Robotic process automation (RPA) has gained popularity in recent years due to its ability to automate mundane and repetitive tasks and drive efficiencies in the workforce’s day-to-day activities. These digital workers are frequently used to perform tasks traditionally performed by humans, such as data entry, data manipulation, and transaction processing. Their ability to work 24/7 without rest creates opportunities for companies to find cost-effective efficiencies and focus their human workforce on more meaningful and fulfilling tasks.
What does the introduction of a digital workforce mean for your Sarbanes-Oxley (SOX) compliance program? When used correctly, RPA can help organizations streamline and automate key processes, reducing the risk of errors and improving the accuracy of financial reporting. It can also help organizations improve the quality of their internal controls, reduce the risk of fraud and increase the speed and accuracy of audit processes. Companies must ensure that their RPA implementation is appropriately supervised, audited and controlled to minimize the risk of errors, fraud or misuse. With the right supervision and control measures in place, RPA can be a valuable tool to achieve SOX compliance objectives.
Over the last 10 years, labor productivity in the U.S. business sector has increased about 15% according to the U.S. Bureau of Labor Statistics – what’s driving that change? Firms are investing in technology and upskilling their employees, making them more productive. Robotic process automation aims to do just that – by streamlining workflows and automating redundant tasks, RPA solutions, such as those offered by UiPath or Blue Prism, are being used to create digital workforces to augment traditional labor inputs. Companies use bots, or digital workers, to perform an ever-growing number of tasks, from managing system integrations, to automating previously manual workflows, to data entry of sales orders and vendor invoices. As digital workers become more pervasive, companies are bringing them into SOX processes and these bots are able to create user-friendly outputs. However, this new digital workforce should not be viewed as a “magic” solution to your workforce challenges. A thoughtful approach should be taken when implementing an RPA program. When considering risks relevant to RPA in a SOX environment, management should understand and evaluate:
While some data cleansing and manipulation can be built into a digital worker’s programming, to achieve the desired outcome, it’s important that they are operating over a set of reliable source data. Data input controls need to be in place over the data utilized by your RPA program to ensure it is processed in an accurate manner as the bot will not necessarily detect errors created through data entry. The quality of the bot output will only be as reliable as the quality of the data provided to it. Before committing to an RPA program or building specific bots, organizations should consider:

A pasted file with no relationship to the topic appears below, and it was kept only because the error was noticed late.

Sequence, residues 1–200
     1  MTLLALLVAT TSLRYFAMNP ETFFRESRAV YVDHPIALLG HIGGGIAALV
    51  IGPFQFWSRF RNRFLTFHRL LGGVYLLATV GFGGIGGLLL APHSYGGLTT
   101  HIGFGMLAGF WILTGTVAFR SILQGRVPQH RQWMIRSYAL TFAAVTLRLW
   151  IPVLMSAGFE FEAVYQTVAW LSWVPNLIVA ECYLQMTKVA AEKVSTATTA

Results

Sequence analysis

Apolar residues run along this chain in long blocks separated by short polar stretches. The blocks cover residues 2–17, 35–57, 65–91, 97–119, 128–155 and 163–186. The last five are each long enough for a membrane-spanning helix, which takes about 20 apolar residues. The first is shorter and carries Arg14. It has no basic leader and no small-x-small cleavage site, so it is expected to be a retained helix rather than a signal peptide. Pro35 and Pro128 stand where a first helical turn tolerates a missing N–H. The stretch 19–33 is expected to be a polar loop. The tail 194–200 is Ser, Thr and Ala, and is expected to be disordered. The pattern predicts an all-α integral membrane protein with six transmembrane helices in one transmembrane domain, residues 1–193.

Like data sourced from traditional inputs, such as a data warehouse or an enterprise resource planning (ERP) system, RPA tools can pull in data from and operate within a variety of non-traditional sources (e.g., SharePoint, Google Drive, optical character recognition (OCR) tools) to provide additional functionality. Often, these data sources are manually maintained and not subject to data input controls or ITGCs, however, relied upon by the end-user of the bot. In response, management should consider:
RPA tools offer functionality to manipulate data inputs – in similar ways that a human operator would. Often, this involves data cleansing, aggregation, calculations and validations to provide a user-friendly and efficiently derived output. When considering how bots are designed to manipulate data, Management should ask themselves:
ITGCs are in place to provide management comfort that their systems and controls enabled by technology are operating consistently. This is done through a set of controls governing access, change management and operations monitoring. Whether a process is enabled by a traditional ERP or a bot, ITGCs are important to ensure consistent and reliable processing. Management considerations around ITGCs which govern RPA functionality include:
No different than a traditional workforce, digital workers or bots should be monitored for ongoing performance and alignment with changing business conditions. Both IT and business stakeholders should implement processes to monitor changes to the business, such as the addition of new business units or revenue streams, or changes to current data structures, and make necessary changes to RPA functionality. The competitive and dynamic nature of most business environments precludes management from setting and forgetting bots; to achieve effective and reliable RPA functionality relies on monitoring performance and making updates as the business demands, just as you would for your human workforce.
Responding to technological change can be a challenge for many compliance functions, especially as technology is being used to reduce line-of-sight into the backend processes. As the nature of productivity tools are becoming more dynamic and interactive, so should the consideration of controls. Below are three simple steps for management and SOX compliance teams to take to get started in responding to RPA-relevant risks:
As you consider any of these concepts in the context of your SOX environment, Baker Tilly is here to assist and share perspectives. Share your thoughts and challenges you encounter, and we’d be happy to meet with you and discuss these topics and their impact on your SOX compliance program.